Although mixed use is an emerging strategy that has been widely accepted in urban planning for promoting neighbourhood vibrancy, there is no consensus on how to quantitatively measure the mix and the effects of mixed use on neighbourhood vibrancy. Shannon entropy, the most commonly used diversity measurement in assessing mixed use, has been found to be inadequate in measuring the multifaceted, multidimensional characteristics of mixed use. And lack of data also makes it difficult to find the relationship between mixed use and neighbourhood vibrancy. However, the recent availability of new sources including mobile phone data and Point of Interest (POI) data have made it possible to develop new indices of mixed use and neighbourhood vibrancy to analyse their relationships. Taking advantage of these emerging new data sources, this study used the numbers of mobile phone users in a 24-hour period as a proxy of neighbourhood vibrancy and used POIs from a navigation database to develop a series of mixed-use indicators that can better reflect the multifaceted, multidimensional characteristics of mixed-use neighbourhoods. The Hill numbers, a unified form of diversity measurement used in ecological literature that includes richness, entropy, and the Simpson index, are used to measure the degrees of mixed use. Using such fine-grained data sets and the Hill numbers allowed us to obtain better insights into the relationship between mixed use and neighbourhood vibrancy. Four models varying in POI measurements that reflect different dimensions of mixed use were presented. The results showed that either POI density or entropy can explain approximately 1% of neighbourhood vibrancy, while POI richness contributes significantly in improving neighbourhood vibrancy. The results also revealed that the entropy has limitations as a measure for representing mixed use and demonstrated the necessity of adopting a set of more appropriate measurements for mixed use. Increasing the number of POIs has limited power to improve neighbourhood vibrancy compared with encouraging the mixing of complementary POIs. These exploratory findings may be useful for adjusting mixed-use assessments and to help guide urban planning and neighbourhood design.

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References (48)

Publisher
Taylor & Francis
Copyright
© 2016 The Author(s). Published by Informa UK Limited, trading as Taylor & Francis Group.
ISSN
1362-3087
eISSN
1365-8816
DOI
10.1080/13658816.2016.1220561
Publisher site
See Article on Publisher Site

Abstract

Although mixed use is an emerging strategy that has been widely accepted in urban planning for promoting neighbourhood vibrancy, there is no consensus on how to quantitatively measure the mix and the effects of mixed use on neighbourhood vibrancy. Shannon entropy, the most commonly used diversity measurement in assessing mixed use, has been found to be inadequate in measuring the multifaceted, multidimensional characteristics of mixed use. And lack of data also makes it difficult to find the relationship between mixed use and neighbourhood vibrancy. However, the recent availability of new sources including mobile phone data and Point of Interest (POI) data have made it possible to develop new indices of mixed use and neighbourhood vibrancy to analyse their relationships. Taking advantage of these emerging new data sources, this study used the numbers of mobile phone users in a 24-hour period as a proxy of neighbourhood vibrancy and used POIs from a navigation database to develop a series of mixed-use indicators that can better reflect the multifaceted, multidimensional characteristics of mixed-use neighbourhoods. The Hill numbers, a unified form of diversity measurement used in ecological literature that includes richness, entropy, and the Simpson index, are used to measure the degrees of mixed use. Using such fine-grained data sets and the Hill numbers allowed us to obtain better insights into the relationship between mixed use and neighbourhood vibrancy. Four models varying in POI measurements that reflect different dimensions of mixed use were presented. The results showed that either POI density or entropy can explain approximately 1% of neighbourhood vibrancy, while POI richness contributes significantly in improving neighbourhood vibrancy. The results also revealed that the entropy has limitations as a measure for representing mixed use and demonstrated the necessity of adopting a set of more appropriate measurements for mixed use. Increasing the number of POIs has limited power to improve neighbourhood vibrancy compared with encouraging the mixing of complementary POIs. These exploratory findings may be useful for adjusting mixed-use assessments and to help guide urban planning and neighbourhood design.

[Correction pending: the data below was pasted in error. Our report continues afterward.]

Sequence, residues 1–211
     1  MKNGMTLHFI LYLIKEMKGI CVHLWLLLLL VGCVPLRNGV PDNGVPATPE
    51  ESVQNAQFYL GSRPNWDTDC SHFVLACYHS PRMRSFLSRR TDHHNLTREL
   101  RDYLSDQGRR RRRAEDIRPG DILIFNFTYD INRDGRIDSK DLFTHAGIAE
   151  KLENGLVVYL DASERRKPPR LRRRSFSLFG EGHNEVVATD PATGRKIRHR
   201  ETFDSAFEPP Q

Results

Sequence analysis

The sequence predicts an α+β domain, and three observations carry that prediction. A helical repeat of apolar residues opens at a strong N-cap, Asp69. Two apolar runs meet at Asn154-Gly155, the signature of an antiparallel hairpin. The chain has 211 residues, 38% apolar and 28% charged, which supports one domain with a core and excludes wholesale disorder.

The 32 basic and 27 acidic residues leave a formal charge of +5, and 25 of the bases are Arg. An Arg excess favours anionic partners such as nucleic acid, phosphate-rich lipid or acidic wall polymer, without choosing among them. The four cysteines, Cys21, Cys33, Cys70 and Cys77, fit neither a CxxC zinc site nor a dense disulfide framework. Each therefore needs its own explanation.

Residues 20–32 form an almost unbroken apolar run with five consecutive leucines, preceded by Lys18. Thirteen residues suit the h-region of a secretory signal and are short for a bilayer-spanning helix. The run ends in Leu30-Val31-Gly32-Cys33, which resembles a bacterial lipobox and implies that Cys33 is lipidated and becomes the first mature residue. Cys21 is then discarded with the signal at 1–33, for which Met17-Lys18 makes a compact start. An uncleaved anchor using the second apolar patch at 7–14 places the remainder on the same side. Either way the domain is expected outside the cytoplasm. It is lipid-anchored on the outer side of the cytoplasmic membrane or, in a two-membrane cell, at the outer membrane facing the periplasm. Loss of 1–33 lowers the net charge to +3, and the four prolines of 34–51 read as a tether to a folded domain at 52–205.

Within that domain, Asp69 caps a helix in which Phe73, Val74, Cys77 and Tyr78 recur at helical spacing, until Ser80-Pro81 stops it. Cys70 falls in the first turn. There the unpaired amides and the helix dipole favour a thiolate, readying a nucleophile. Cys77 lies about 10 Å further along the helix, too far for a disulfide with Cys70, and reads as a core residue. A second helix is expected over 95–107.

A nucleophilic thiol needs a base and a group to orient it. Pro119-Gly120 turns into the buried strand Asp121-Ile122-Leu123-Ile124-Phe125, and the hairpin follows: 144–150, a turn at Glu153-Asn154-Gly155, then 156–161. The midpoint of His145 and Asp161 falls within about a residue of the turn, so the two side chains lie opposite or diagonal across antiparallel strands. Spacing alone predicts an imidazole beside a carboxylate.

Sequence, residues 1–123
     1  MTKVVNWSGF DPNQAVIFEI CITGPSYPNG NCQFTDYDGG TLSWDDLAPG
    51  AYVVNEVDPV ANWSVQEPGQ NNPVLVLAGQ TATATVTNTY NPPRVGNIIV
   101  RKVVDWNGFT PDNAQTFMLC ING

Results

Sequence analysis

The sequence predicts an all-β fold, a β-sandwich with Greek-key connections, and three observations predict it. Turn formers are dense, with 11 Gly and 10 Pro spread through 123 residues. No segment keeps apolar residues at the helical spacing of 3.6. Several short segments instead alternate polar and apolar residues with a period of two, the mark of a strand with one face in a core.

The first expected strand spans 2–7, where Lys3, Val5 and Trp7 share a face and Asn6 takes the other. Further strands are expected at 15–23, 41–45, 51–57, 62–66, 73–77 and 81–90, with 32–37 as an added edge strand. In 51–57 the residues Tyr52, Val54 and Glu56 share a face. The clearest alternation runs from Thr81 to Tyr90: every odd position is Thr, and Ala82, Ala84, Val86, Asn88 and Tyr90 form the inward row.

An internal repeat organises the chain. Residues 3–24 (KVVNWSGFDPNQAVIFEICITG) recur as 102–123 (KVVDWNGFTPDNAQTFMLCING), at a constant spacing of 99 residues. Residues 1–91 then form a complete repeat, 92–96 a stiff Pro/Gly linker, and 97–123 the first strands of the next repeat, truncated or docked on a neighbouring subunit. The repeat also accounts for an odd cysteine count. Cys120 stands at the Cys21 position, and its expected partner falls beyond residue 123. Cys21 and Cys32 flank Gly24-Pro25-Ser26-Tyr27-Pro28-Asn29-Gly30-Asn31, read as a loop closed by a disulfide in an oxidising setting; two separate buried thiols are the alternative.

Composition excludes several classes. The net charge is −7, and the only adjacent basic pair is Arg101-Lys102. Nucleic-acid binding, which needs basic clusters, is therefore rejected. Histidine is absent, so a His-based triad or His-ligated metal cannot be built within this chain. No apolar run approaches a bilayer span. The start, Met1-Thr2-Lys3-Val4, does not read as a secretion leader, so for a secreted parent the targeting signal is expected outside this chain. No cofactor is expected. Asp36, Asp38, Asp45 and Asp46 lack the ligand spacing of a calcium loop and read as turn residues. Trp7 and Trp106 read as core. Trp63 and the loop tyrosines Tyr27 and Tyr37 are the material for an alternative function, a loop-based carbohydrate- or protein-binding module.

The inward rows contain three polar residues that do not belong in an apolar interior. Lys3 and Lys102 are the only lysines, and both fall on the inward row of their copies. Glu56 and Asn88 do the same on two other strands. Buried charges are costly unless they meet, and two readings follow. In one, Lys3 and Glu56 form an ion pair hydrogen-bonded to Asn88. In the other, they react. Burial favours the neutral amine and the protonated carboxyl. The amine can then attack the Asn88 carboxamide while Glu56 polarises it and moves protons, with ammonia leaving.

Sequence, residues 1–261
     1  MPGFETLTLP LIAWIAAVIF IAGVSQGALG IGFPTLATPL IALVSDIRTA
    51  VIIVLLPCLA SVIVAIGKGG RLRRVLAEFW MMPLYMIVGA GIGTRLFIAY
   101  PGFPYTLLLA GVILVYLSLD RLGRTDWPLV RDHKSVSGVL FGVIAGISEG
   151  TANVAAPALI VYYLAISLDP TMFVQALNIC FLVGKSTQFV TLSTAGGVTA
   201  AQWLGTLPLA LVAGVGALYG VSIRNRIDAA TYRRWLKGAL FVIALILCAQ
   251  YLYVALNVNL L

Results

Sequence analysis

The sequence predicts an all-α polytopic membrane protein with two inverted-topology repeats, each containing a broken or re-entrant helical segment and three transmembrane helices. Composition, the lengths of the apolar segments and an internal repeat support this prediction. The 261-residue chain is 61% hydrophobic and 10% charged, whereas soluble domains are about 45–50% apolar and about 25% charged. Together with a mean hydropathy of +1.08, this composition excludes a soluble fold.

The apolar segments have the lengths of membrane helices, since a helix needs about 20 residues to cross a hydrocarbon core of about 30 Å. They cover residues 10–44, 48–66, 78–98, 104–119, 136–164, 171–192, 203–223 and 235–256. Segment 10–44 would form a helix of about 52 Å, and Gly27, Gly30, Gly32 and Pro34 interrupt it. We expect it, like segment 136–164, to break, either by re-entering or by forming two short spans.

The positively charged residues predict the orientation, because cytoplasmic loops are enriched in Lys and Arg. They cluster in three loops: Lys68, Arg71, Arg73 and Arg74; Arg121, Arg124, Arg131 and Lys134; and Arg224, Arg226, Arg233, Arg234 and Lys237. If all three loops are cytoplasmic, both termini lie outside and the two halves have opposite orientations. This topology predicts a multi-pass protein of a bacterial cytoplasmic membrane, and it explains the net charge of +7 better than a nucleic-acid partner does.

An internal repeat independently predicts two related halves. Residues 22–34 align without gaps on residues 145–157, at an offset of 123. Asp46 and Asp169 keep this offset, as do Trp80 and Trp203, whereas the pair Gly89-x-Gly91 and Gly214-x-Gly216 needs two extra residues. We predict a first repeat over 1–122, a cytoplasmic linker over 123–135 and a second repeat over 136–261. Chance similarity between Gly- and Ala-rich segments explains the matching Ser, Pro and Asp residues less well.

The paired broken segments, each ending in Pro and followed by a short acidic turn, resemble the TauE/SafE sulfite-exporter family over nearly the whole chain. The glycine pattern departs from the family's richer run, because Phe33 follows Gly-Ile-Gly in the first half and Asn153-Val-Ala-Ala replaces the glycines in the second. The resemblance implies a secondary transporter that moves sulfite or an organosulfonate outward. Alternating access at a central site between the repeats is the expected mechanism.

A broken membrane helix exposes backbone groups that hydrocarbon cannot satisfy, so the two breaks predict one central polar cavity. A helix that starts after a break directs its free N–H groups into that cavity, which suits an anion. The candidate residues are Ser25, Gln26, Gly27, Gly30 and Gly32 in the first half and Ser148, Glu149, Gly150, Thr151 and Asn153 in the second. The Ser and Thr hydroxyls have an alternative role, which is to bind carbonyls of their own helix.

Journal

International Journal of Geographic Information ScienceTaylor & Francis

Published: Apr 3, 2017

Keywords: Neighbourhood vibrancy; mixed land use; diversity measurement; POI